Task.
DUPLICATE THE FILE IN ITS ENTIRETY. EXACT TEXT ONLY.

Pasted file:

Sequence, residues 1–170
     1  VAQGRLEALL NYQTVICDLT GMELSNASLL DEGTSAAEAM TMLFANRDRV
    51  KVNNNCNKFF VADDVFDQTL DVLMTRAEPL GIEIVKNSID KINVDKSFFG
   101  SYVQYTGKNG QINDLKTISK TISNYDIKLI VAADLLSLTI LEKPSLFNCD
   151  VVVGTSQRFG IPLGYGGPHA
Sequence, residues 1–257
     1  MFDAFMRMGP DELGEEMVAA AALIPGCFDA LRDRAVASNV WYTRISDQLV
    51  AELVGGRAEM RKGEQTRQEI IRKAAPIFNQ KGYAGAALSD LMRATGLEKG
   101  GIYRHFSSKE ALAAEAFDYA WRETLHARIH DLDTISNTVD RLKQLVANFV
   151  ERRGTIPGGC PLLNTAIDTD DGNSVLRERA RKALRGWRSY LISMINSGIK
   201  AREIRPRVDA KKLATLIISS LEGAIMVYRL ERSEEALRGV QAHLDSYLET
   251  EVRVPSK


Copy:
Sequence, residues 1–170
     1  VAQGRLEALL NYQTVICDLT GMELSNASLL DEGTSAAEAM TMLFANRDRV
    51  KVNNNCNKFF VADDVFDQTL DVLMTRAEPL GIEIVKNSID KINVDKSFFG
   101  SYVQYTGKNG QINDLKTISK TISNYDIKLI VAADLLSLTI LEKPSLFNCD
   151  VVVGTSQRFG IPLGYGGPHA
Sequence, residues 1–257
     1  MFDAFMRMGP DELGEEMVAA AALIPGCFDA LRDRAVASNV WYTRISDQLV
    51  AELVGGRAEM RKGEQTRQEI IRKAAPIFNQ KGYAGAALSD LMRATGLEKG
   101  GIYRHFSSKE ALAAEAFDYA WRETLHARIH DLDTISNTVD RLKQLVANFV
   151  ERRGTIPGGC PLLNTAIDTD DGNSVLRERA RKALRGWRSY LISMINSGIK
   201  AREIRPRVDA KKLATLIISS LEGAIMVYRL ERSEEALRGV QAHLDSYLET
   251  EVRVPSK